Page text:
What Is Prescription Drug Abuse? How Can I Tell If I Am Abusing Prescription Drugs?

An addiction to prescription medications can be one of the toughest to uncover and recognize. The disease of addiction damages the part of the brain that’s responsible for self-awareness and causes the person to be in a state of denial. This is why addiction is known as a disease that doesn’t want a person to get better. The suffering addict will rationalize and justify continuous using to an extreme extent, which makes it difficult for an individual to acknowledge that there’s a problem.

Most people have a fundamental knowledge growing up that drugs are bad and can potentially become addictive; so although they’re unable to recognize their problem, addicted individuals on some level know they need to quit. This is much different when it comes to prescription drug addiction because more often than not, these medications are prescribed by a medical doctor or psychologist.

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Prescription medications might be prescribed for chronic pain, a severe illness or treating anxiety, but opiate-based medications and benzodiazepines can become highly addictive. Some people are naturally prone to addiction based on their biological makeup, but this addiction can also develop over time. For most of the world’s population, these medications simply do their job by blocking pain receptors or treating anxiety. When an addict takes these medications, the individual experiences a much different feeling that triggers a craving for more. This can eventually lead to the abuse of the medication and then progress into an addiction without the person even realizing it.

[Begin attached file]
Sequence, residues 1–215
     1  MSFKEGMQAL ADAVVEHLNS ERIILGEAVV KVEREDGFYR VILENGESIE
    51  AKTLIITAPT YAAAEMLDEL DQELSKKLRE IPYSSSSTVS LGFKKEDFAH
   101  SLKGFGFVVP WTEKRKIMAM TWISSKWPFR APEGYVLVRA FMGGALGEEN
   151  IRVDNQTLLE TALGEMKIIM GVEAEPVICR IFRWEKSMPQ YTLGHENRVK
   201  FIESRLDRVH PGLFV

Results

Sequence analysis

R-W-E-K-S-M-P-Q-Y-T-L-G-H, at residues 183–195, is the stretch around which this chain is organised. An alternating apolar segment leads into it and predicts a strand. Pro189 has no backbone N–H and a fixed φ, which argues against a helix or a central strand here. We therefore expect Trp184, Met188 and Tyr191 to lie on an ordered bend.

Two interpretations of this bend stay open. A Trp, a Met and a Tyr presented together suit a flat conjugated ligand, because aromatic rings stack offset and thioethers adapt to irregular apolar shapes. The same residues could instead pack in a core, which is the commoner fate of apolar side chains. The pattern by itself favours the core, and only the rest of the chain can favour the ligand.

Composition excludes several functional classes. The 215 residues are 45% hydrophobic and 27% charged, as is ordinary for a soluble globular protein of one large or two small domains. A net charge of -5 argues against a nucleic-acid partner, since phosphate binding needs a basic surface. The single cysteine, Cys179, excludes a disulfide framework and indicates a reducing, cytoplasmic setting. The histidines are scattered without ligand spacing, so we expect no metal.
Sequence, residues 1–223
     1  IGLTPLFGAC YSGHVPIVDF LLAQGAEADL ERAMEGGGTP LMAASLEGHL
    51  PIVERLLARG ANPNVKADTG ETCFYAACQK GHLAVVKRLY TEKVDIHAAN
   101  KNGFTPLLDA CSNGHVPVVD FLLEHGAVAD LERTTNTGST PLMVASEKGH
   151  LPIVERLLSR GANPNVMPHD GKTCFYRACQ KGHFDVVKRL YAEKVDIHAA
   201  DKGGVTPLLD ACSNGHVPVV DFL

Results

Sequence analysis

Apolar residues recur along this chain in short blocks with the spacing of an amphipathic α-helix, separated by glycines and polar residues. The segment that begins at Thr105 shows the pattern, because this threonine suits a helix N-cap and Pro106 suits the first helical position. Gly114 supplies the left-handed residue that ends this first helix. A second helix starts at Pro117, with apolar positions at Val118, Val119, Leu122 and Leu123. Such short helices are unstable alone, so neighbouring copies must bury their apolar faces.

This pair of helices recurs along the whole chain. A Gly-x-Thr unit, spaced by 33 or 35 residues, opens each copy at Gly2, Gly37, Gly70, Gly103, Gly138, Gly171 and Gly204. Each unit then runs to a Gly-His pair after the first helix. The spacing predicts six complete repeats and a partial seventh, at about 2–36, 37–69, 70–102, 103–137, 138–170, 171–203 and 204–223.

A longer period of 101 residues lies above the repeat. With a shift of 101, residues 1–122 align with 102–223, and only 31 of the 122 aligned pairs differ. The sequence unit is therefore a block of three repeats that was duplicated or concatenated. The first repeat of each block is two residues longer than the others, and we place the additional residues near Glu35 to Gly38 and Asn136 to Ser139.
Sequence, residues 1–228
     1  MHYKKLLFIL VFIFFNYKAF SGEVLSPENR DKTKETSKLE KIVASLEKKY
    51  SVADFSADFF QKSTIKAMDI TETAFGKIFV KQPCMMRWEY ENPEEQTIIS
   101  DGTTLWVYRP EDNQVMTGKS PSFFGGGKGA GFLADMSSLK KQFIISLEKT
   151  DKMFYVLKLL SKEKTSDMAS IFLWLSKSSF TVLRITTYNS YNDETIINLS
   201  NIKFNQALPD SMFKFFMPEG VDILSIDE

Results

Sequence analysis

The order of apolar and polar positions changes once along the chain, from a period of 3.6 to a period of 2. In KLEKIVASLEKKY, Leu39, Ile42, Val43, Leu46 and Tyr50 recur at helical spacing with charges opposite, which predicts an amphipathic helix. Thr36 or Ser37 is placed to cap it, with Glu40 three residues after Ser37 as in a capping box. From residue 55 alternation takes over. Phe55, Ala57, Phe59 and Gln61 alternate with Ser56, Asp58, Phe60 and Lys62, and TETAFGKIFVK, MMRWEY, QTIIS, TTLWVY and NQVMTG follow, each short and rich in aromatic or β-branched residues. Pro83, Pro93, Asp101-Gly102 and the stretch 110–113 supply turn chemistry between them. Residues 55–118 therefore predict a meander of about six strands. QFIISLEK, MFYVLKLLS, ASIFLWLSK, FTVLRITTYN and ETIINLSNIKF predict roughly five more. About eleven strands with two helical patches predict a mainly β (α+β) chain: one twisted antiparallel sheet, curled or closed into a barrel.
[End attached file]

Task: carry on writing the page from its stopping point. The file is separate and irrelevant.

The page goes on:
If you’re wondering exactly what is prescription drug abuse, there are certain signs that you can look for if you believe you may have developed an addiction to prescription medications. Some of the most common signs are as follows.

Running Out of Your Medication

Every prescription comes with instructions for a recommended dosage and has a refill date based on this dosage. If you’ve been going outside of this dosage and needing refills long before the due date, this can be the first indication that you may have developed an addiction. As time goes on and the body becomes more tolerant to these medications, the addictive mind begins justifying increased usage of the medicine and disregarding the recommended dosage. A rational mind would tell the person that this recommendation is there for a reason and by increasing the dosage, the person may be at risk for health issues or potential overdose. However, the disease of addiction is much more powerful than logical thinking.

Doctor Shopping

Doctors, psychologists and even pharmacists do the best they can to monitor people for potential signs of addiction, but there’s only so much they can do. They keep records of refills and sometimes request that individuals come back and see them before they’ll authorize a refill for these addictive medications, which may cause an addict to begin seeing other doctors. If you’ve begun seeing multiple doctors to increase the amount of refills you get, or to request higher dosages of your medications, then it has become a problem.

Buying These Medications Illegally

Prescription medication abuse has become a worldwide epidemic, and a profitable market for drug dealers. When addicts are unable to get the amount of medications they need in order to feel well through traditional means, they’ll begin buying these medications on the streets. This is highly dangerous because you don’t always know what you’re buying, and these pills can become toxic when combined with other medications.

If you’re still asking the question of “What is prescription drug abuse?” please call our helpline today at 800-447-9081.

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